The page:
top of page

Enhancing Workplace Rights: New York's Transition to Paid Lactation Breaks

The recently enacted New York State budget for fiscal year 2024 introduces pivotal changes to leave and accommodation laws, demanding attention from employers statewide. Effective June 19, 2024, New York has mandated paid lactation breaks, replacing previous provisions under the Nursing Mothers in the Workplace Act of 2007. This update requires employers to provide paid break time specifically for expressing breast milk, a shift aimed at supporting nursing mothers in the workplace. The New York State Department of Labor (NYSDOL) has updated its mandatory model policy: New York State Department of Labor’s Policy on the Rights of Employees to Express Breast Milk in the Workplace.


For details on another significant obligation, paid leave for prenatal care effective January 1, 2025, please refer to our earlier article, New York Leads with Pioneering Paid Prenatal Leave Policy.


For additional information regarding paid lactation breaks and to understand how this could impact your business, please contact our Managing Partner, Richard Liu, at richard.liu@consultils.com


working mom


Paid Lactation Breaks


New York's transition to paid lactation breaks marks a significant stride in supporting workplace rights, particularly for nursing mothers. Since the amendment to Section 206-c was enacted, the NYSDOL has provided updated guidance to assist employers in complying with the new requirements.


Key Points to Note:

  • Paid Break Time Requirement: Employers must provide 30 minutes of paid break time specifically for expressing breast milk. This time is separate from regular breaks or meal times.

  • Frequency:  Employers are required to accommodate employees with paid breaks as often as they reasonably need to express breast milk. The number of breaks necessary may vary based on individual circumstances. Employees can also use other paid rest or meal breaks for additional time beyond the mandated 30 minutes “each time such employee has a reasonable need to express breast milk.” While there is no definitive guidance on the interpretation of “each time,” it is expected to permit employees to take multiple paid breaks throughout the workday.

  • Duration of Benefit: Employees may utilize this paid break time for up to three years following childbirth.

  • Non-Discrimination: Employers are prohibited from discriminating against employees who choose to express breast milk in the workplace. This includes not penalizing them for taking the allotted break time.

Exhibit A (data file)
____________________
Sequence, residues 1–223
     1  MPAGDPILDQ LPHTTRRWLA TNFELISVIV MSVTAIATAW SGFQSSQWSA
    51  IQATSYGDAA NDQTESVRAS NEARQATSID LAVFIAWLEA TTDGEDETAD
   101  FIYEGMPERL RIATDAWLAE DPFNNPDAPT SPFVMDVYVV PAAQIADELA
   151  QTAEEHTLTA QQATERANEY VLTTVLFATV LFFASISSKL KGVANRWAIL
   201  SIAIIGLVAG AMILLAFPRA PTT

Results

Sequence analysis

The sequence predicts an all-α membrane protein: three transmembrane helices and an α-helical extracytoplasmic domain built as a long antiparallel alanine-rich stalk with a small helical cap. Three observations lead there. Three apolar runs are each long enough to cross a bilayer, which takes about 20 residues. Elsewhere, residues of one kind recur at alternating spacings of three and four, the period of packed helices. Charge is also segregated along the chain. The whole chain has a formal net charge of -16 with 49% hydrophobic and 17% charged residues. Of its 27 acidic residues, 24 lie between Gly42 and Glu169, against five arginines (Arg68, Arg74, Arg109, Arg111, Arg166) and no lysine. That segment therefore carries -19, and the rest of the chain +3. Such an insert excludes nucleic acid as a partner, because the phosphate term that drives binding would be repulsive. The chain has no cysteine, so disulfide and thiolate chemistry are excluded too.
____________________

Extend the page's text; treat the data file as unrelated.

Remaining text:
• Work Adjustments: Employees cannot be required to work before or after their shift to make up for the time used for expressing breast milk.

  • Remote Work: Employees who work remotely have the same rights to paid time off for expressing breast milk as those who work in-person.

  • Room Request Process: Employees must submit a written request to their employer for a designated room or location to express breast milk. Employers must respond to this request in writing within a specified timeframe, typically within five days.

  • Lactation Room Requirements:

    • Employers must provide a private space that is not a restroom or toilet stall.

    • The room or location must be near the employee's work area, with good light, privacy, and free from intrusion.

    • It should have accessible, clean water and an electrical outlet if available.

    • Furnishings must include a chair and a flat surface like a desk or table.

  • Notification: Employers must inform all employees in writing when a designated room or other location has been established for breast milk expression.


This update under Section 206-c of the New York Labor Law emphasizes equity and support for working parents, ensuring that nursing mothers can maintain their professional responsibilities while fulfilling their parental duties without financial penalty.


What Employers Need to Do


As the transition to paid lactation breaks has taken effect on June 19, 2024, employers must take proactive steps to ensure compliance and support for their employees. Here’s what employers need to do:


  • Update Policies and Procedures: Revise internal policies to reflect the new requirement for paid lactation breaks. Distribute updated policies to employees upon hire, annually, and upon their return to work after childbirth.

  • Update Your Handbook: Review and revise your employee handbook to align with the updated breastfeeding accommodations policy. Ensure that language regarding working hours, breaks, and overtime eligibility reflects the new legal requirements.

  • Provide Accommodations: Establish a private room or space for employees to express breast milk that meets the requirements outlined by the NYSDOL.

  • Train Managers and Supervisors: Educate managers and supervisors on the new requirements and their responsibilities in accommodating employees who need to express breast milk. Ensure they understand the importance of maintaining privacy and respecting employees' needs.


For additional information regarding paid lactation breaks and to understand how this could impact your business, please contact our Managing Partner, Richard Liu, at richard.liu@consultils.com.


 
Richard Liu

Richard Liu, Esq. is the Managing Counsel of ILS. He serves clients as a management-side defense lawyer specializing in employment and business litigation. Richard is also an expert on litigation prevention and compliance. He regularly advises Fortune 500 companies and startups on employment, labor, and commercial matters.


Email: richard.liu@consultils.com | Phone: 626-344-8949


*Disclaimer: This article does not constitute legal opinion and does not create any attorney-client relationship.

Commentaires


bottom of page